Columbia University’s press office kindly sent us (unsolicited) a PDF of a mailer sent out to 50,000 area residents “to help inform and educate them about Columbia’s proposed Manhattanville expansion project.” Another “liar flyer” a la Atlantic Yards?
Well, like Forest City Ratner, Columbia is also using the mailer to help build a citizens’ army of supporters for the project, this time via a reply card that permits residents to volunteer “to speak in support of the project at public hearings.”
Unlike Forest City, however, which deftly avoided showing any images of skyscrapers, Columbia’s propaganda actually gives a glimpse (if only a glimpse) of what the project will look like.
More importantly, Columbia evinces an unusual honesty when it comes to the number of construction jobs that the Manhattanville expansion will create. Forest City advertised that its project would create 15,000 construction jobs, since it is industry practice to multiply the average number of construction workers expected to be on the job at any one time by the number of years the construction will last. Hence, (1,500 construction jobs) x (10 years) = 15,000 “construction jobs.” Columbia claims that during its expansion, there will be “1,200 construction jobs created each year for at least 22 years”—which, using industry math, the university could easily have inflated to 26,400 “construction jobs.” But they didn’t.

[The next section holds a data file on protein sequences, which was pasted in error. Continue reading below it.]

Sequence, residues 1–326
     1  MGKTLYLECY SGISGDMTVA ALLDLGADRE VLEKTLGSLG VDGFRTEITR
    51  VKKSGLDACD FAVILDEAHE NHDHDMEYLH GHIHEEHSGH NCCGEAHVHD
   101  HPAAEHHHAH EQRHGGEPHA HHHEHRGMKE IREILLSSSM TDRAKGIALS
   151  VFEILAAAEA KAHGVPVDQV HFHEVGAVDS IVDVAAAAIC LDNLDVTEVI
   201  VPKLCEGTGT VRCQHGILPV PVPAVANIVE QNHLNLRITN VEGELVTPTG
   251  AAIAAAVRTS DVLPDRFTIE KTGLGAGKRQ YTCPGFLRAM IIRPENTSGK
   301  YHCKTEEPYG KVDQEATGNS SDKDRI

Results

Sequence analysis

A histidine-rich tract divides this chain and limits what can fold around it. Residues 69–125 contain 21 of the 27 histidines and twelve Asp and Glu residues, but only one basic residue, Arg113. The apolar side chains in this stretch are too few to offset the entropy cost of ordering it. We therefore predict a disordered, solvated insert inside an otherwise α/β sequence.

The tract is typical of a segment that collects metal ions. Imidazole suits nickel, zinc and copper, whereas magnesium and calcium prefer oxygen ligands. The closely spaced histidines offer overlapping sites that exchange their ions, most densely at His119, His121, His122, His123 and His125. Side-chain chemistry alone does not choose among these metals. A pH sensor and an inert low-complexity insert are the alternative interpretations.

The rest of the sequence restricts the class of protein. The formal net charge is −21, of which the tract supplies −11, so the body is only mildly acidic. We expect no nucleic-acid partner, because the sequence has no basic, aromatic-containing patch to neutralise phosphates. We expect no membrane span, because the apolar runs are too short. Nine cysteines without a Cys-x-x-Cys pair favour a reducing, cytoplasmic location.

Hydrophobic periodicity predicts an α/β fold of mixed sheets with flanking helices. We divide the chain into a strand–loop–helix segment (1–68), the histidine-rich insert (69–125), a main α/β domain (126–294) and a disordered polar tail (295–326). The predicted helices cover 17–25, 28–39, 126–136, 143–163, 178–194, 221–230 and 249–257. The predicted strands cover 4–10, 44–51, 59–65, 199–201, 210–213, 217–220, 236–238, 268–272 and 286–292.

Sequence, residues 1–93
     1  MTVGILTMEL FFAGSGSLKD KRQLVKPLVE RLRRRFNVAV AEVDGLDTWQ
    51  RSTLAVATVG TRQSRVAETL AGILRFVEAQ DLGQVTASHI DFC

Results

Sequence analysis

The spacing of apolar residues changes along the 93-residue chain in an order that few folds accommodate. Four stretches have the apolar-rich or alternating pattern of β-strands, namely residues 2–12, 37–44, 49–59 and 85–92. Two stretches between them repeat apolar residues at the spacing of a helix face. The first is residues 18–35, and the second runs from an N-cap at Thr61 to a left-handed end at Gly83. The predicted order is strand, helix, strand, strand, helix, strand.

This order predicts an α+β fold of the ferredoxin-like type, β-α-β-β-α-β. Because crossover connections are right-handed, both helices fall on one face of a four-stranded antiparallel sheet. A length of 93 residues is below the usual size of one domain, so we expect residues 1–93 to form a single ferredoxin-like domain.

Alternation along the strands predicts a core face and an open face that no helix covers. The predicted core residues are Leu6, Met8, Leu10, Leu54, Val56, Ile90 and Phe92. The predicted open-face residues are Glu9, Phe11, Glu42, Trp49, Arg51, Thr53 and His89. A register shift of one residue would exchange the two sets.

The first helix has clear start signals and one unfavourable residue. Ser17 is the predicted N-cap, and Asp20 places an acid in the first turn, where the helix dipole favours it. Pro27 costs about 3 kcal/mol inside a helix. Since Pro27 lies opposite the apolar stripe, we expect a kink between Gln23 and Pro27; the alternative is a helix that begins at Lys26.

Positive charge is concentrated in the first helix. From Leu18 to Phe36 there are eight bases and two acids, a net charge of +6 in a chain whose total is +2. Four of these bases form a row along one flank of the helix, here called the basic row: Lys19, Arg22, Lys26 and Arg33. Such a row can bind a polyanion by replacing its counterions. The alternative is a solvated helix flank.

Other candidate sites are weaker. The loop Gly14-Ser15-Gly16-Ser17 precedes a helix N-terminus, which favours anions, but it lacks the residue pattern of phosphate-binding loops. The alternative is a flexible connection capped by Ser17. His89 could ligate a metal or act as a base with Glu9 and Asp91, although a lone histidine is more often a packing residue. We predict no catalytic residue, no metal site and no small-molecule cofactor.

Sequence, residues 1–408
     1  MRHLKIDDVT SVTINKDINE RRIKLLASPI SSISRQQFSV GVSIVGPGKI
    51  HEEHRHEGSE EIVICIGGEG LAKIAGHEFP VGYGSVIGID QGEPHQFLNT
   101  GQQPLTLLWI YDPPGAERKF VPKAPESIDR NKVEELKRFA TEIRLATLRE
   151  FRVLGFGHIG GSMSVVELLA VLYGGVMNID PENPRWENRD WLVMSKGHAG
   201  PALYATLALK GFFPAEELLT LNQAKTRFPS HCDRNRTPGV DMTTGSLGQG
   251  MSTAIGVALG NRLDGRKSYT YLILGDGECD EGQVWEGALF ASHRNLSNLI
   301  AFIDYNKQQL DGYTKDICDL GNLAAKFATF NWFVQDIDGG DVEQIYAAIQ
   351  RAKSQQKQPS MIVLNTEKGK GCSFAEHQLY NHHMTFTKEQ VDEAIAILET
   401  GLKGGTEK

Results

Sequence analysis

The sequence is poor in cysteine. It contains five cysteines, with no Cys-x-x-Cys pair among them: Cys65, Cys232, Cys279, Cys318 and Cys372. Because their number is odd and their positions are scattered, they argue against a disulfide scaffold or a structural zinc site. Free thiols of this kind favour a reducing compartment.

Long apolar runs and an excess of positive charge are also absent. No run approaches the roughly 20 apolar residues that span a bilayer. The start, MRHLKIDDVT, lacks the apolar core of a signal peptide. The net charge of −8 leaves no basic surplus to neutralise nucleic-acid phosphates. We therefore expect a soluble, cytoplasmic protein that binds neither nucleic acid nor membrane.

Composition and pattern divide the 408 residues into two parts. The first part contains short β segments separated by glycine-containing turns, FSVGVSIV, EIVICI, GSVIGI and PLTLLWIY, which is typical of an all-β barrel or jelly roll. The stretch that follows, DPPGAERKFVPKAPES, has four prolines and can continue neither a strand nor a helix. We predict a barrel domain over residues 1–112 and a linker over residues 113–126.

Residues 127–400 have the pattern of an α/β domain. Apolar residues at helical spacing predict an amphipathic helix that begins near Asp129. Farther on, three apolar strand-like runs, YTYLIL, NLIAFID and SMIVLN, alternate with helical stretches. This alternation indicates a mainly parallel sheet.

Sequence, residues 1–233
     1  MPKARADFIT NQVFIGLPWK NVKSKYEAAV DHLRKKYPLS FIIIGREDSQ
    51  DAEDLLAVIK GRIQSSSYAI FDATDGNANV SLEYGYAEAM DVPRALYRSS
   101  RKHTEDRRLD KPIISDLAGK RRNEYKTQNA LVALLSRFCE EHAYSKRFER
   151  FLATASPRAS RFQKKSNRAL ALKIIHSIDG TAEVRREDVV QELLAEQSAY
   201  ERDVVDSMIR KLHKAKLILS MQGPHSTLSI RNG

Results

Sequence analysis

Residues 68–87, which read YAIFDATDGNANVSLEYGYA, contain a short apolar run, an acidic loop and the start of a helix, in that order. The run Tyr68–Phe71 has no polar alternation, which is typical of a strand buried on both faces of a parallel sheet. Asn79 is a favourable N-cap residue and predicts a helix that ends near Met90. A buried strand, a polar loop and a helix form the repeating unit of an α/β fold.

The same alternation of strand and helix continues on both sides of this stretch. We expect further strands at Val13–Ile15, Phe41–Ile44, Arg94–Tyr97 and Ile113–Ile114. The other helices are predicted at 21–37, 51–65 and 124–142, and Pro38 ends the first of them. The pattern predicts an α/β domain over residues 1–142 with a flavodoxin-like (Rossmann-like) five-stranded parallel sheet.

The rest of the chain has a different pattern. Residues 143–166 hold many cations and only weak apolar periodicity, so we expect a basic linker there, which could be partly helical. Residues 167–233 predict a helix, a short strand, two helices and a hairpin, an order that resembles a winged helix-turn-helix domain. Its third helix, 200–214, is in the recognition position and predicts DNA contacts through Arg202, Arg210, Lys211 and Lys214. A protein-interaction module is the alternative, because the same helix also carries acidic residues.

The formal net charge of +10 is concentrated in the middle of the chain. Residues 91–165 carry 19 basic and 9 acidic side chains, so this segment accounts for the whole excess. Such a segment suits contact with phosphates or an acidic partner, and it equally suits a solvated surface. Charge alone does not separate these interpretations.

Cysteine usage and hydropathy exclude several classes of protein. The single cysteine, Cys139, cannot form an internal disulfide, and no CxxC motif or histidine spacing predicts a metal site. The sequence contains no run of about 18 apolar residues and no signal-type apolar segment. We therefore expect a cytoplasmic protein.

Is this the difference between college math and developer math?